Theodore Roosevelt and His Time Shown in His Own Letters - Vol. 1

By Joseph Bucklin Bishop | Go to book overview

CHAPTER X
THE WAR WITH SPAIN

THAT the Navy was reasonably well prepared for the war solely because of the efforts of Roosevelt, is clearly revealed by these citations from his correspondence. For months he had been working unceasingly with the hearty co-operation of the ablest men in the service to get material in readiness and have the ships properly equipped and commanded. It was due solely to him also that Admiral Dewey was in command of the Asiatic squadron and that that squadron was ready to sail from Hong Kong to the Philippines at a moment's notice and was in condition to win the battle of Manila. There is abundant proof in support of these statements.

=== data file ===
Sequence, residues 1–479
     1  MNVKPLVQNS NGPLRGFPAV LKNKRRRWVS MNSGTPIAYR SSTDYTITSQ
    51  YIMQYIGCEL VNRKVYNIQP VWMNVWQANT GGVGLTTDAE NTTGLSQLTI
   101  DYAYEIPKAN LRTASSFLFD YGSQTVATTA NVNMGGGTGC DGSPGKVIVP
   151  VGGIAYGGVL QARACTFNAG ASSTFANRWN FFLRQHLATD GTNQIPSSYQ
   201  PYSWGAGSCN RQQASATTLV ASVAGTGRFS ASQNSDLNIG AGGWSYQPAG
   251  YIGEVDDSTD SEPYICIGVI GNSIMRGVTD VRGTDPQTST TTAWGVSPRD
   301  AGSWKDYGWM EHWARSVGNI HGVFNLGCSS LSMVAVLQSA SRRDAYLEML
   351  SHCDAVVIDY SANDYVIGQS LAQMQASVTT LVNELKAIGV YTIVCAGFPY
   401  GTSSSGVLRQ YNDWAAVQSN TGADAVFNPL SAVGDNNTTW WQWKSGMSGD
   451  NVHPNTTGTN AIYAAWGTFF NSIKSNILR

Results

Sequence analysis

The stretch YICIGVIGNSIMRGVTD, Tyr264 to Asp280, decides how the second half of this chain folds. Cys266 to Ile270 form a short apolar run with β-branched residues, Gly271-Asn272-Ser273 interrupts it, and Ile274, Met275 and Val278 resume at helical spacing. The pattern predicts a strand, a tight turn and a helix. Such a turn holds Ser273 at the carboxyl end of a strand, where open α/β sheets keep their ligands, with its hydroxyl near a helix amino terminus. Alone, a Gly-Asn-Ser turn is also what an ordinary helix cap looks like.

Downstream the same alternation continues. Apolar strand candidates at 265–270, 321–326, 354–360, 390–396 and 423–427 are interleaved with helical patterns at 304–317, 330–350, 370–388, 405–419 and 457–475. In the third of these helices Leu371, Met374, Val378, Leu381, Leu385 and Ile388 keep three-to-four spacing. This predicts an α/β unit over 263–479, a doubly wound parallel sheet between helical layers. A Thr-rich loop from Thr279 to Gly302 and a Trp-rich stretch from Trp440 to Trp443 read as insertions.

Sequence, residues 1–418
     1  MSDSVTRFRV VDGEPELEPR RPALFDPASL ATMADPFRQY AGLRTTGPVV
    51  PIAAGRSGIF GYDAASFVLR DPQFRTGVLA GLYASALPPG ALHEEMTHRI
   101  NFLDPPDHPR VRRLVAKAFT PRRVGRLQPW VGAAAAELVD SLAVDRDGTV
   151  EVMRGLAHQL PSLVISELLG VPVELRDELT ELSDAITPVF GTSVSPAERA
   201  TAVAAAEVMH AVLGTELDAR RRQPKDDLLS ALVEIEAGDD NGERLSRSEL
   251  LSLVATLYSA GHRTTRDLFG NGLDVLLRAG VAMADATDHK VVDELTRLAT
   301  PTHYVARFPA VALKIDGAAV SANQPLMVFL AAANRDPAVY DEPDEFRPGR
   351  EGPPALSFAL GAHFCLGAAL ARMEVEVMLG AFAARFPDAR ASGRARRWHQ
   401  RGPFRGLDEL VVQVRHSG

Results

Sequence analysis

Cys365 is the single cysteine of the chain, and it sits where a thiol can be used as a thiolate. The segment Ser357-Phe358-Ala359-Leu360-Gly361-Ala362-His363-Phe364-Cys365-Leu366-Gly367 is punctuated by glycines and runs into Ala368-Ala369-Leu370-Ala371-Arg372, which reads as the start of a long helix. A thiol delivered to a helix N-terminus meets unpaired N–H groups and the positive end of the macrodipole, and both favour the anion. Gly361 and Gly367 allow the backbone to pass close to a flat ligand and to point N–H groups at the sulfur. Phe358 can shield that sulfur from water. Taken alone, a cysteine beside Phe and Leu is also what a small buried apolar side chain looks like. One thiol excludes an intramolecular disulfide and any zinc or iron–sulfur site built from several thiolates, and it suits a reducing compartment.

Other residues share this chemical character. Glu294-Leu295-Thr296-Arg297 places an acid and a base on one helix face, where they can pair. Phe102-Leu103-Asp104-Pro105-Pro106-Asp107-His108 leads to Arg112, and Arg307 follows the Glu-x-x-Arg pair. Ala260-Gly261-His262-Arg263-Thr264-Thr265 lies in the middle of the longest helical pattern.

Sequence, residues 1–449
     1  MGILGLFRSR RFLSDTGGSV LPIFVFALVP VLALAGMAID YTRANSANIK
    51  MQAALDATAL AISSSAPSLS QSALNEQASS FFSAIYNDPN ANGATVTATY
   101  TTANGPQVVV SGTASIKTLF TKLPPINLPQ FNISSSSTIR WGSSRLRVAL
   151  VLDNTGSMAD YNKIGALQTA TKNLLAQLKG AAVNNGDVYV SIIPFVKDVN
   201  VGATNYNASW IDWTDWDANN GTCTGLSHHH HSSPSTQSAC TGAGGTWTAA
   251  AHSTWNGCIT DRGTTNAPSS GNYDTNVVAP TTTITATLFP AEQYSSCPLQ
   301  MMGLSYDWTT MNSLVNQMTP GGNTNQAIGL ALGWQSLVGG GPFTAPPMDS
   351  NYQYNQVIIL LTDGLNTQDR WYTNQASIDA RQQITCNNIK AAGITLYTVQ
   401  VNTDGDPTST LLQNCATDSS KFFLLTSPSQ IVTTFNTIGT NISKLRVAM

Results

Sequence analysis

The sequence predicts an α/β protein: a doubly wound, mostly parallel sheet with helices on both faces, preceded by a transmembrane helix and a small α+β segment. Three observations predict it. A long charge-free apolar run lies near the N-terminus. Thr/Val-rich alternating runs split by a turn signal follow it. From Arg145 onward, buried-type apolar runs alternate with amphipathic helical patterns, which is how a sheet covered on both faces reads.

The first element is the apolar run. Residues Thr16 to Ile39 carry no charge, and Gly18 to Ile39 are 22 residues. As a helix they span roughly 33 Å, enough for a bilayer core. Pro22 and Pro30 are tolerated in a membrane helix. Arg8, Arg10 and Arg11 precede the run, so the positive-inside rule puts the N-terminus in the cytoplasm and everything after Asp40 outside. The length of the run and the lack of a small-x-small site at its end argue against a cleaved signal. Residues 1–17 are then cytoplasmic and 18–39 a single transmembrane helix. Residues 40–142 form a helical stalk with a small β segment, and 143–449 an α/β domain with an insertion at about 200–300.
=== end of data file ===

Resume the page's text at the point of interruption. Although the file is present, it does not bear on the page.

When the question of appointing a commander of the Asiatic squadron arose in the fall of 1897, Roosevelt, in accordance with his established policy of gathering from every source information as to who were the beat men to occupy the fighting positions, ascertained that sound naval opinion was overwhelmingly in favor of Dewey for the command of a squadron. He had been struck by an incident in Dewey's career in which he had, without authority from the Navy Department and on his own responsibility, bought a supply of coal in preparation for a threatening emergency. "The incident," Roosevelt says in his 'Autobiography,' "made me feel that here was a man who could be relied upon to prepare in advance, and to act promptly, fearlessly, and on his own responsibility when the emergency arose. Accordingly I did my best to get him put in command of the Asiatic fleet, the fleet where it was most essential to have a man who would act without referring things back to the home authorities."

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